One thing you’ll quickly notice when you’re around the Shouters is their charisma. They’re very passionate about what they’re doing and you can feel it. You not only learn but you’re uplifted, as well.
In 2011, the Geechee Gullah Ring Shouters set the Guinness World Record for leading the largest recorded ring shout, during the “Word, Shout, Song” exhibit at the Smithsonian’s Anacostia Community Museum in Washington, D. C.
Besides the world record ring shout, the group is also proud to have among their performers Mrs. Butler (above, right), who at 90 is the world’s oldest living ring shouter. She’s amazing.
At the end of the performance, a narrative of Emancipation is re-enacted and is quite powerful. If you couldn’t already tell, I was very moved by these living historians and would encourage anyone who has the opportunity to attend one of their events.
This house likely dates to the 1870s, but that is just a guess. Bobbie Spikes identified it as her grandparents’ home when I first published the images in 2012. Teresa LaRoche Riley, whose father grew up here as well, recently shared a photo of the house on Facebook and that gave me the encouragement I needed to consolidate all my photos into one post. It is likely beyond repair, but it’s a wonderful remnant of a lost generation in Coastal Georgia.
The house still retains its original kitchen.
An interior view indicates it was occupied as recently as 20-25 years ago.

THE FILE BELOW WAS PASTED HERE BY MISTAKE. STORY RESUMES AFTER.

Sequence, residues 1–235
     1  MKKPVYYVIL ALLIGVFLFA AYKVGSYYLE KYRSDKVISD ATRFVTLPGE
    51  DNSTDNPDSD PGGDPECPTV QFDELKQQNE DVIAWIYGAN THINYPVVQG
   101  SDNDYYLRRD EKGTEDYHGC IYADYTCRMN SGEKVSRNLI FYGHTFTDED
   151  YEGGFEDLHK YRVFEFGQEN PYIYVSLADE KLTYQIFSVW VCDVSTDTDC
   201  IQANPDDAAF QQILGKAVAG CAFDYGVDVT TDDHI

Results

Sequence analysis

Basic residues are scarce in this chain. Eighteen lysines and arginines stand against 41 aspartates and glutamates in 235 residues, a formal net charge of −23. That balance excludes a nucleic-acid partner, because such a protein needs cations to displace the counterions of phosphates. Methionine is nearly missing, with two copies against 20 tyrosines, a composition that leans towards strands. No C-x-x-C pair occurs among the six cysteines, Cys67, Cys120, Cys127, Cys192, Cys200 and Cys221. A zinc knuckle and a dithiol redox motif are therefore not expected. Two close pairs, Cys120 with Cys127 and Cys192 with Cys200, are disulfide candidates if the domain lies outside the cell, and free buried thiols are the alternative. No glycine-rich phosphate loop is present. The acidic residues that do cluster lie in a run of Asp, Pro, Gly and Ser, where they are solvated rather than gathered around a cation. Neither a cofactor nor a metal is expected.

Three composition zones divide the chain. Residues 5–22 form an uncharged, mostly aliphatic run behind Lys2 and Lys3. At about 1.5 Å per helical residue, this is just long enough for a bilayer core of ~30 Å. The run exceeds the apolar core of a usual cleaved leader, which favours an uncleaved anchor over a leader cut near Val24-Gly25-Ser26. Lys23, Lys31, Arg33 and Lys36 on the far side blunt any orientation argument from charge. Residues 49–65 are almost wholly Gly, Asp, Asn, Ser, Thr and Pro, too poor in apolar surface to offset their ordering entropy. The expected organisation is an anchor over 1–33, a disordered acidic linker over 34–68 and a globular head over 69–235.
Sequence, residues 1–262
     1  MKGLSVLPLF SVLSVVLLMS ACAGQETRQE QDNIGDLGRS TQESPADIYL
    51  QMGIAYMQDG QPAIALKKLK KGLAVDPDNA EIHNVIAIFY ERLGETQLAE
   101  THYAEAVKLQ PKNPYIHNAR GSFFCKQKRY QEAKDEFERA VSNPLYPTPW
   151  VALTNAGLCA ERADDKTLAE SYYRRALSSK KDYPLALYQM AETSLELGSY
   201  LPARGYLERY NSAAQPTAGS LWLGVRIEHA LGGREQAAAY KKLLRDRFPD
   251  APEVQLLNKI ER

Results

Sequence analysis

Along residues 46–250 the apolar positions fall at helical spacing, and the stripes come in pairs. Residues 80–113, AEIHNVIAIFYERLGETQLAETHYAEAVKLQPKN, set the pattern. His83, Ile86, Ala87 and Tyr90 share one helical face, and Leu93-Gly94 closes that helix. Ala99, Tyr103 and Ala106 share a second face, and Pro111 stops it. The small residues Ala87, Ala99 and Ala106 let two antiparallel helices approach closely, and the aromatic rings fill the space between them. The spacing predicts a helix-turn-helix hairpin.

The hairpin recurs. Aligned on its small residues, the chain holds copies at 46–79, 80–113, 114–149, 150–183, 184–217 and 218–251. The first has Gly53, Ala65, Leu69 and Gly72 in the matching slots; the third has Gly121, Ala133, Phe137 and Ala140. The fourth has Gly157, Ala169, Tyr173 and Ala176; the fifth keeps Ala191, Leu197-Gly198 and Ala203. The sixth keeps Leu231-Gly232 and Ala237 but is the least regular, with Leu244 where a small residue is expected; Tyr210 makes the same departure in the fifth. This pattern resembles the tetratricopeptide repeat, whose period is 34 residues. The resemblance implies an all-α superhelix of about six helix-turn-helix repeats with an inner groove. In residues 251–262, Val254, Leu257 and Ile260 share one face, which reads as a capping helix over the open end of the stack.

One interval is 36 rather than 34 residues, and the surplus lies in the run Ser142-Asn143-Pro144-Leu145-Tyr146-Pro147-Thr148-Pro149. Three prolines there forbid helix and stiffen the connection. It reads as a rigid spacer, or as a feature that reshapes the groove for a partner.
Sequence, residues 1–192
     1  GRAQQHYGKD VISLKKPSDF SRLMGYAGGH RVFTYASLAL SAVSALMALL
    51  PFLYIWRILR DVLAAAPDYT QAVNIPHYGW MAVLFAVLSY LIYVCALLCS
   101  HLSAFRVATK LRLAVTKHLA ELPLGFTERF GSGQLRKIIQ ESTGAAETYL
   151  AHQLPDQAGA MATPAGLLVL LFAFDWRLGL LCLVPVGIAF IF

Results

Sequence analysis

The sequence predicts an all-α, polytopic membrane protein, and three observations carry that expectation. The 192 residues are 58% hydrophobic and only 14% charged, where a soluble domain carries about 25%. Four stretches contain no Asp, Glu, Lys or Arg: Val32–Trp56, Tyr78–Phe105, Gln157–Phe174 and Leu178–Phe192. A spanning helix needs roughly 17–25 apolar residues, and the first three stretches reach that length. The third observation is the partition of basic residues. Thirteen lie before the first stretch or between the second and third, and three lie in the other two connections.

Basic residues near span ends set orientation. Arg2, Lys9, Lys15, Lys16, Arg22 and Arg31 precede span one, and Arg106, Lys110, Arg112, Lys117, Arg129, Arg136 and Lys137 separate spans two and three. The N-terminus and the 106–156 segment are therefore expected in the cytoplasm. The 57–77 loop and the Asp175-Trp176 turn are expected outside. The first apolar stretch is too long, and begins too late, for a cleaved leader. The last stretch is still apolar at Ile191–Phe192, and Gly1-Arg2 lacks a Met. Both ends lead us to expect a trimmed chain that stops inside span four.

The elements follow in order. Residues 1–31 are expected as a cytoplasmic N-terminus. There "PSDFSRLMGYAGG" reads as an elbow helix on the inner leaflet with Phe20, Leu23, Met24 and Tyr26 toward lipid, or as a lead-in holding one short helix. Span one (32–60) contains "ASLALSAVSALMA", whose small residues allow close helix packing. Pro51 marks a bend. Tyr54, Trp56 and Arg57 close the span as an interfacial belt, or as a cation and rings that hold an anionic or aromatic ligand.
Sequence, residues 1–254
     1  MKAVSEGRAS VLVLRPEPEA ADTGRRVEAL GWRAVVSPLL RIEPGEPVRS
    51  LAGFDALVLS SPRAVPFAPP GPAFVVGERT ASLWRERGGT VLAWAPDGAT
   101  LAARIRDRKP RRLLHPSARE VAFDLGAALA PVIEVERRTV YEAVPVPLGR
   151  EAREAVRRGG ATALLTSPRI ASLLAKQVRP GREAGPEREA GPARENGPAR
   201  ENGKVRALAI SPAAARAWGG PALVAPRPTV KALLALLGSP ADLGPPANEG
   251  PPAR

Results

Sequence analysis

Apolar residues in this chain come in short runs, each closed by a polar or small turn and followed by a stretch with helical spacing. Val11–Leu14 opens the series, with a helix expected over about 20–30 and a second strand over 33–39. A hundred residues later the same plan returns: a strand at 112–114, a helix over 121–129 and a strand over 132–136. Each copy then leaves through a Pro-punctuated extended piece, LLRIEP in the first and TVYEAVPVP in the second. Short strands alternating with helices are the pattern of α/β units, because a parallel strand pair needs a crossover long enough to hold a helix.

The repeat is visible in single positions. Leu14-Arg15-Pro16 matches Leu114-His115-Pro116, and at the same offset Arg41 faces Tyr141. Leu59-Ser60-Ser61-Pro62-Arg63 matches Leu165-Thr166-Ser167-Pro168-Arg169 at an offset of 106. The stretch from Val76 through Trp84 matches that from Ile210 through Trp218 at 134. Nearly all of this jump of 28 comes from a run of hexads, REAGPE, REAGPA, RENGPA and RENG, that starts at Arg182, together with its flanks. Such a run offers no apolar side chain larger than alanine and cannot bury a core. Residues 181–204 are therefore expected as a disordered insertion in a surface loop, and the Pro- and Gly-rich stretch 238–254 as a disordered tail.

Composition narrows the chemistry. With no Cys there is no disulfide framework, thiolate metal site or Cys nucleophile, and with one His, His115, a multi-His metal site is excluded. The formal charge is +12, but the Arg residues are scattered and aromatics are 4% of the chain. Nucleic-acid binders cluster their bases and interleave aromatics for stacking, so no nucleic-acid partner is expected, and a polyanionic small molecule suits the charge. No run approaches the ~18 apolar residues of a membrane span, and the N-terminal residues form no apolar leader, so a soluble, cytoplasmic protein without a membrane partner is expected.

William McKinley Walthour, Sr., founded the Union Brotherhood Society or “The Society” in March 1932 to help provide for the proper burial of Negro citizens. During this period of segregation and Jim Crow Laws, Negroes were uninsured and had to use homemade pine boxes to bury their loved ones. The organization collected dues of ten and twenty-five cents monthly from its members; enabling them to have death and health benefits. The Society with 34 members still exists in 2006 with death benefits of $140.00 and sickness benefits of $10.00. At funerals, the Society members dressed in black and white, wore badges and greeted each other as Brother and Sister. Anniversay celebrations, known as the “Society Turning Out,” had a worship program followed by fellowship, fun and games. The founding members were: William Walthour, Sr., Frank Baker, Willie Stevens, Joe Bowers, Wilhelmina Walthour, Beatrice Bowers, Gus Williams, Priscilla Maxwell, Rose Bell Roberts, Ben Maxwell, Sarah Jane Walthour, Joe Walthour, George Walthour Sr., William Brown, Rev. R.W. Monroe and Janie Stevens. Less than an acre of land was purchased and a building, structured similar to an old T-shaped church, was built by The Society members for their meetings and gatherings at this location in 1932. This monumment is a tribute to their unity, vision and community concern. Source: Historical marker placed in 2007 by the Liberty County Historical Society.
Such relics of the Jim Crow era are fading fast and are tangible evidence of a different world. It’s a shame to see this old building in such disrepair, but I’m glad Liberty County made the effort to mark this significant part of its history. (Though maps locate this at Midway, it’s a bit further inland).